As well as this story of reform, the Bosnian case also provides a counter to some of the perceived problems with FIFA’s funding of football infrastructure projects in less wealthy footballing nations. Much of the focus of the current corruption scandal has been on how Sepp Blatter has built a “power base” in developing states, buying the support of African and Asian federations through the funding of new football facilities under the Goal programme launched in 1999. In Bosnia, Goal funding contributed to the construction of a new regional technical centre in Zenica, opened in October 2013. The need for improved infrastructure, particularly that for the development of young players, is very clear in Bosnia. The much-lauded Bosnian national team that qualified for the 2014 World Cup was, in the words of football journalist Jonathan Wilson, largely “a team of the diaspora”. As the generation of players who were displaced by the war as youngsters ages, Bosnia cannot rely solely on players born to Bosnian parents in the diaspora wanting to represent the national team of their parents, and the country will have to start developing (and retaining) world-class players in order to remain competitive. The construction of the Zenica training centre was also an important reward from FIFA and UEFA for the progress Bosnia made towards reforming its football federation and rooting out corruption.

Initiatives such as the Goal programme are also an important counterpoint to the otherwise heavily neo-liberal character of FIFA, and are redolent of the more “social democratic character” of UEFA, showing commitment to egalitarianism, redistribution and international solidarity. As David Goldblatt has argued, “FIFA, for all its faults, has sought to transfer some of the wealth of football in the rich world”, and it is important that this redistribution does not fall victim to the transformation of the governing body that must now surely follow. In fact, as a former president of the Zambian football association has suggested, rather than being abolished, programmes such as Goal need to be better institutionalised and taken out of the hands of powerful individuals. Blatter’s close association with these funding schemes offers significant opportunities for patronage, and national associations that benefit from Goal fear that if he is voted out of office, the money will dry up. The solution, as Goldblatt and others argue, is not a withdrawal of support for internationalisation and a reassertion of European dominance over the governance of world football, but rather the true democratisation of the game.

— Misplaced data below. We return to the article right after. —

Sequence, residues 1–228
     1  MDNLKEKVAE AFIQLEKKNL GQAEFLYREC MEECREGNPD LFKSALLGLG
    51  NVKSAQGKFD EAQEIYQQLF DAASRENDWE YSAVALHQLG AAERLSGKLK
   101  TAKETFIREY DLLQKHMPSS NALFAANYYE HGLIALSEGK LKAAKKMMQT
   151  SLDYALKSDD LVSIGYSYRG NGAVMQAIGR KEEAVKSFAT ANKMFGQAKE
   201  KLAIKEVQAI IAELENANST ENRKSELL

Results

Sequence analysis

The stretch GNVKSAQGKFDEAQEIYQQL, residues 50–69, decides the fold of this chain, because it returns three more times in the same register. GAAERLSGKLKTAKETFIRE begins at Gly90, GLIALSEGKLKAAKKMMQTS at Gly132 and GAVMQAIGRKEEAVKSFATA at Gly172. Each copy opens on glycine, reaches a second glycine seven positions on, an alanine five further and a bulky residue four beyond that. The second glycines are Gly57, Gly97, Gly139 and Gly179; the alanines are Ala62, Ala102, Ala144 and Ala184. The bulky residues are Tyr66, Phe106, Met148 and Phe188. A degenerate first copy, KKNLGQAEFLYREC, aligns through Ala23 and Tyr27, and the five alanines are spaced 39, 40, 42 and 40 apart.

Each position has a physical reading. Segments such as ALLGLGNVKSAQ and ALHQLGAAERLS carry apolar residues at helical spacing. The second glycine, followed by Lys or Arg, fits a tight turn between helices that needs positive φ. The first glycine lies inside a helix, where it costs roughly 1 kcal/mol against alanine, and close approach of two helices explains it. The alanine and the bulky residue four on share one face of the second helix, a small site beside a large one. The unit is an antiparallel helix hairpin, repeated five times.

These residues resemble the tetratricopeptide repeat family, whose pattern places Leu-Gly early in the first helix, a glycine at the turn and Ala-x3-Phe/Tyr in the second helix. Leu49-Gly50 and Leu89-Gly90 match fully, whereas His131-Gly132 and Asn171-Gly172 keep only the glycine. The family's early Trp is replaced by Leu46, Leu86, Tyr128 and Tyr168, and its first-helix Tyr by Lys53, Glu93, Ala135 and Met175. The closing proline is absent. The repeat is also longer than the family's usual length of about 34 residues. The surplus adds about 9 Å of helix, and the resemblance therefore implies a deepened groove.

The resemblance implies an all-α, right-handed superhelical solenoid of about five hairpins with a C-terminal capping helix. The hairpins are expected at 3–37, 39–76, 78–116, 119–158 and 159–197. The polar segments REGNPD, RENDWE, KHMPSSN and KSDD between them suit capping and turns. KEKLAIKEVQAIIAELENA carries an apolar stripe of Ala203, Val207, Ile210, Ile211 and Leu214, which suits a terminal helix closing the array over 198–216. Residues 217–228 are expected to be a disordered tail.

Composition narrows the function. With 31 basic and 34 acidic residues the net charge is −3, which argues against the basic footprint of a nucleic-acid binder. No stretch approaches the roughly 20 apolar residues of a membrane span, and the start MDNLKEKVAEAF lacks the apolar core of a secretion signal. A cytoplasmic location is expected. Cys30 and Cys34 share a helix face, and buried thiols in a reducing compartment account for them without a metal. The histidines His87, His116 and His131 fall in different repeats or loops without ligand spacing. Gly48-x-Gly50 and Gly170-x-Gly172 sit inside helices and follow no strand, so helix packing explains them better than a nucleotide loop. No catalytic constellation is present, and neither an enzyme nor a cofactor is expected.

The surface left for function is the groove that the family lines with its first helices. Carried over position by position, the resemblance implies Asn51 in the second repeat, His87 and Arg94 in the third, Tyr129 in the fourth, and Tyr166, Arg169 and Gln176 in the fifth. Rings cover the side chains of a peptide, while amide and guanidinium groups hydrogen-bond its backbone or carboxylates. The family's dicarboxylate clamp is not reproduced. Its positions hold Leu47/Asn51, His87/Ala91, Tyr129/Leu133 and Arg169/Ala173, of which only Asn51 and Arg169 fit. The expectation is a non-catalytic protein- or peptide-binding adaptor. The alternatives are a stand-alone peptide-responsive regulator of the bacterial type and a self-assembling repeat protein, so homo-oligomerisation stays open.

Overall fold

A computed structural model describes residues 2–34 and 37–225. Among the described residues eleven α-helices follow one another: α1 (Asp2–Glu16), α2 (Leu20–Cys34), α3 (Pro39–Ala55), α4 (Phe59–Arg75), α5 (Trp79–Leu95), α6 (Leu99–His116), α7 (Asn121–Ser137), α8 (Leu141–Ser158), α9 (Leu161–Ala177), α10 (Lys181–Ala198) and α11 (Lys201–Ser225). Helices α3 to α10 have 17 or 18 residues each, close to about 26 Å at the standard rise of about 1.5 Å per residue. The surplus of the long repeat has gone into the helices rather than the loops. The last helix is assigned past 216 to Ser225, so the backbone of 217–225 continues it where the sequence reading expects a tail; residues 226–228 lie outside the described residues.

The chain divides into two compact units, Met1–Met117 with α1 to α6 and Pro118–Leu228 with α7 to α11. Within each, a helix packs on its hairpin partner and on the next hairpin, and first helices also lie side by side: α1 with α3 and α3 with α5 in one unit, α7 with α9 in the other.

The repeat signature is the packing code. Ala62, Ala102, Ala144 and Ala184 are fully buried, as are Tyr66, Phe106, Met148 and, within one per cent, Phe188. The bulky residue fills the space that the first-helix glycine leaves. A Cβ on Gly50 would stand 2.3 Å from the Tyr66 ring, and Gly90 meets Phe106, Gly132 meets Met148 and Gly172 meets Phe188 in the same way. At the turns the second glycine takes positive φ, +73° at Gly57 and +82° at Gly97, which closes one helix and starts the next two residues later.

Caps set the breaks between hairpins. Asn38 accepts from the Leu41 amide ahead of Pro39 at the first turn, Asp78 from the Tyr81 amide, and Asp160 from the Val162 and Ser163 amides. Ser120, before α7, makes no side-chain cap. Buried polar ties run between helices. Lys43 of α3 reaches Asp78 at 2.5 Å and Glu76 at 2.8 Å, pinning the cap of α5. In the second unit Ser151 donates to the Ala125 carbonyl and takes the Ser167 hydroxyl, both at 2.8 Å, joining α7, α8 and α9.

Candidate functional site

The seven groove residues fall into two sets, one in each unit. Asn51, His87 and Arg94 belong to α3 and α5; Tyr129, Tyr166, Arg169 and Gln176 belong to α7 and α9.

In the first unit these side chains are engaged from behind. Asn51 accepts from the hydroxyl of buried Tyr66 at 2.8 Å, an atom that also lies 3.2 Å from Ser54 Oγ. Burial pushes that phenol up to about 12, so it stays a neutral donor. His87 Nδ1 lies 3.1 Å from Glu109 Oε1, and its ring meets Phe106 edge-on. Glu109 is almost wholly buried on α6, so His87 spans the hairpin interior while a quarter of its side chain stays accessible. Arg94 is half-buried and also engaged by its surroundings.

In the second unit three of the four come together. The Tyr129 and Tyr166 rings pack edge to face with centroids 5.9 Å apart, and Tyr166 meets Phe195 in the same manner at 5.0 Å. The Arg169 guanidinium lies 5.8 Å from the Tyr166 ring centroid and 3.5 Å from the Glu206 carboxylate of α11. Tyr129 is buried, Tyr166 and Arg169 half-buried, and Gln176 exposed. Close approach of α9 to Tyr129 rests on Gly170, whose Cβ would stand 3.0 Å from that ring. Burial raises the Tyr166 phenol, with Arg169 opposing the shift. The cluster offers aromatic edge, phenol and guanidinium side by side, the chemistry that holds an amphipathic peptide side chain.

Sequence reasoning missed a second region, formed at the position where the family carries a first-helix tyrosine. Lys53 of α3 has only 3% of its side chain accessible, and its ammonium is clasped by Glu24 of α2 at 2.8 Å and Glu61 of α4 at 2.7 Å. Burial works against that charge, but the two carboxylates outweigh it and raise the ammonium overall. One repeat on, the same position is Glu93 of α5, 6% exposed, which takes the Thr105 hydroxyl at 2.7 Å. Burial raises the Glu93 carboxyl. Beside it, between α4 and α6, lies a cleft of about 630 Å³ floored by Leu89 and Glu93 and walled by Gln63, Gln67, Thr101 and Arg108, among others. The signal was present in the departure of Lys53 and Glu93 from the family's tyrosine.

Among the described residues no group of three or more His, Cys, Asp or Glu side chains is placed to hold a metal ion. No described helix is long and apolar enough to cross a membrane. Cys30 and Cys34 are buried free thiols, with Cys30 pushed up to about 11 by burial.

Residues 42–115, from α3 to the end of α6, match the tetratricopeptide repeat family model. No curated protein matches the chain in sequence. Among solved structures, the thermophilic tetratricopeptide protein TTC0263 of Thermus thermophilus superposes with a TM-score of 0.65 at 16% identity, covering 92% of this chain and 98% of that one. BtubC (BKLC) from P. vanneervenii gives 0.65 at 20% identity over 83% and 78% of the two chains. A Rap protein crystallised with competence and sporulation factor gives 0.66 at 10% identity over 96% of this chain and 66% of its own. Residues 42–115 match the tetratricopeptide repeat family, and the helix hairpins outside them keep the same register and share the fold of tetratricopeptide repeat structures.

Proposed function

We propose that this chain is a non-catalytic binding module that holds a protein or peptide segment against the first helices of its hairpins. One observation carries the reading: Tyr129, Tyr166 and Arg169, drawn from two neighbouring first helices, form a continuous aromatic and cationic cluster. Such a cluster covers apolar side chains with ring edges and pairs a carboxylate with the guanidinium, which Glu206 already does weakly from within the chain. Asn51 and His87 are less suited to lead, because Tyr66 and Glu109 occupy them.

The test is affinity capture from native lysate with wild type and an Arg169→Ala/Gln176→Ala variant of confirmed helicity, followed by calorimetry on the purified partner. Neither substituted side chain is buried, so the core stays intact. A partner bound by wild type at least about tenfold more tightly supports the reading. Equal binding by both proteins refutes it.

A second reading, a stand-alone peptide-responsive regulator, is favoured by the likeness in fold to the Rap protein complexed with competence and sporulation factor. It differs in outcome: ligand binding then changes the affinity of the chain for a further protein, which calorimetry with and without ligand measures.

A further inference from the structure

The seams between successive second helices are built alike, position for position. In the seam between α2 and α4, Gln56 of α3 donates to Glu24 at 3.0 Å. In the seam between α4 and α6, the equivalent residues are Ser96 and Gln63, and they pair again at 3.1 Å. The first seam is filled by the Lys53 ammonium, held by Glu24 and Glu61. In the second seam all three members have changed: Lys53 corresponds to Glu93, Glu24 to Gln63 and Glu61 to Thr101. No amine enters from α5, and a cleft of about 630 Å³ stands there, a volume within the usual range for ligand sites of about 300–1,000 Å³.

In Bosnia and Herzegovina, at least, where constructive change is often slow to materialise, it was exactly FIFA’s democratic vision that helped fundamentally transform the political economy of the sport for the better. Challenges remain in Bosnia as nationalism, violence, and homophobia continue to mar local football. Yet FIFA’s involvement in Bosnia has doubtlessly been positive and a genuine model for the development of the game and, arguably, even of good governance practices more broadly in developing and transition states across the world. The FIFA that emerges from the current corruption scandal needs to build on this model by supporting fans’ efforts to reform the governance of football and providing transparent support for the game’s development outside of the traditional Western European powers.

 

Laurence Cooley teaches in the International Development Department at the University of Birmingham. He has an MA from Queen’s University Belfast and a PhD from Birmingham, where his thesis examined the European Union’s approach to conflict resolution in the Western Balkans. A former volunteer at the Centre for Peace, Non-violence and Human Rights in Osijek, Croatia, his current research focuses on the promotion of power sharing and the governance of sport in divided societies. Find him on Twitter at @laurence_cooley.

Jasmin Mujanović is a PhD candidate in Political Science at York University and a Visiting Scholar at the Harriman Institute at Columbia University. A Fellow at the Emerging Democracies Institute and a frequent Balkan affairs analyst, his work has appeared in the New York TimesAl JazeeraopenDemocracy, and Balkan Insight among a host of other media outlets. His Twitter handle is @JasminMuj.

Cover photo credit: AP